Tuesday, 14 April 2015

A Runner bean trench

I'm always looking for new ideas on how I can improve what I grow. There's always plenty of advice and inspiration about, some bright new ideas and some age old tricks that your grandparents might have used.

One that I haven't heard of prior to this year is a runner bean trench. The principle being that instead of adding your moisture retentive waste to the compost heap you bury it all in a trench where you are going to plant your runner beans. It makes sense really, beans love and need moisture particularly when coming into flower, the buried waste will provide them with this and over time release nutrients into the soil and more importantly feed the plant.

Perhaps I should explain further as to why I'm paying so much attention to my runner beans this year. Last years were perfectly fine however they all came at once and frozen runner beans just aren't as good as fresh. The season was fairly short and they went stringy quite quickly, maybe my fault for not harvesting them as young as I could of certainly something I'll aim to do this year. Also I had intended to enter these beans into the local village show, one in particular was looking hot favorite for the longest runner bean until the chickens got loose and pecked the end off. This has prompted me to invest in a pack of just ten seeds of a variety called 'Stenner' at a price you would normally pay for two hundred seeds. It sounds obsessive I know and I questioned myself when I bought them but if that's what it takes to at least get one entry into the show this year it'll be worth it.

Rumour has it that the beans should be massaged from a young age to ensure that they are perfectly straight. Now that does sound a step too far but don't be surprised if you find me hidden amongst a runner bean bush come midsummer.

Anyway having  recently combined two compost heaps to free up a site to start another I had plenty of material that could go into the trench. If your more organised than me you wont have put your runner beans canes up yet hindering your access to dig the trench. I was a bit keen a few weeks ago and after a particularly rough couple of weeks with the weather I was desperate to add some structure to the garden. Pulling a few canes aside I dug a trench about a foot deep and and put about six inches of half rotted material form the compost heap. This was mainly straw, kitchen waste and cardboard.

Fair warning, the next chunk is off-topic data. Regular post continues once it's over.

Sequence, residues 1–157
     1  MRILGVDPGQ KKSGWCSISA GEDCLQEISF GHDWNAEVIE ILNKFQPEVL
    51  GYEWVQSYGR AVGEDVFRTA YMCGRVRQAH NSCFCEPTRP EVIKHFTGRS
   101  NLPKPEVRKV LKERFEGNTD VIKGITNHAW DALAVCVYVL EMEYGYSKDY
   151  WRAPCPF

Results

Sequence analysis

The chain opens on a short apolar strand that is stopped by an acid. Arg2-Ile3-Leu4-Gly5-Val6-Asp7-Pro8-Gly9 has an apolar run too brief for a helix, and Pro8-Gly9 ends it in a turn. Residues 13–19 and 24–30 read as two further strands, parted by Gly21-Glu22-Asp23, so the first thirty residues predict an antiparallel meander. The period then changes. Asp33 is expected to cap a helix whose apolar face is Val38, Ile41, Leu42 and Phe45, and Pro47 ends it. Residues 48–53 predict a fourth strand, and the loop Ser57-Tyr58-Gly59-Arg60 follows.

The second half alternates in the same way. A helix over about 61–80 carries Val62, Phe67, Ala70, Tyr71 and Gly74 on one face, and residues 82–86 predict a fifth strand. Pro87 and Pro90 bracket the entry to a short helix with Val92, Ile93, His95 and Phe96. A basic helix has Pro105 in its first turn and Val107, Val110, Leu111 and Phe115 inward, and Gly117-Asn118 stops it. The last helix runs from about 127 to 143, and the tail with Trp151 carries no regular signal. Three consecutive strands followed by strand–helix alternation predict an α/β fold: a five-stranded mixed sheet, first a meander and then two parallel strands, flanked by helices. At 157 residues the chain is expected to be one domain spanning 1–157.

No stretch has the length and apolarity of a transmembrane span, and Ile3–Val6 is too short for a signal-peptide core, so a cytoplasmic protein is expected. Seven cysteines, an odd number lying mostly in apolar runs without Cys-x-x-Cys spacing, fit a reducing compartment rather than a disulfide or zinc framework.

You can just see the broad beans in background starting to shoot up. These were started off on the windowsill and planted out about three weeks ago. I added a few organic chicken manure pellets to the trench and back-filled it with the soil I had originally taken out. This year I have eighteen canes so planted two beans either side of the first six canes. The rest will go in successionally throughout the coming weeks. This used up the rest of last years seeds so in addition to the show stoppers I 'll have to get another pack. Three varieties is a good thing though, it's part of the reason that we grow our own so that we can taste things that you just can't buy. I probably won't buy last years seeds again they were okay but I just felt they could be improved on in flavour so now I'm looking forward to finding a new variety to try.

Monday, 13 April 2015


Back in November when I was winter pruning the fruit bushes I thought I'd take a chance at getting some cuttings from them.

With the raspberrie canes I cleared all of last years growth leaving just this years shoots which will bear fruit this coming summer. With the black and redcurrant bushes I pruned more to give shape and structure to the plants as well as improve air circulation. The six strongest shoots from these were chosen to become new plants, three of each type. The cuttings were trimmed to about ten inches with diagonal cuts at the top and bottom done with as sharp a knife as possible to give the cleanest cut.

I then made a slit in the ground by pushing a spade in about six inches deep. The cuttings were then pushed into the holes ensuring that they were in contact with the soil at the bottom and of course making sure that they were the right way up, i.e. the way that they had been growing originally. It was all firmed down with my boot to ensure there was good contact.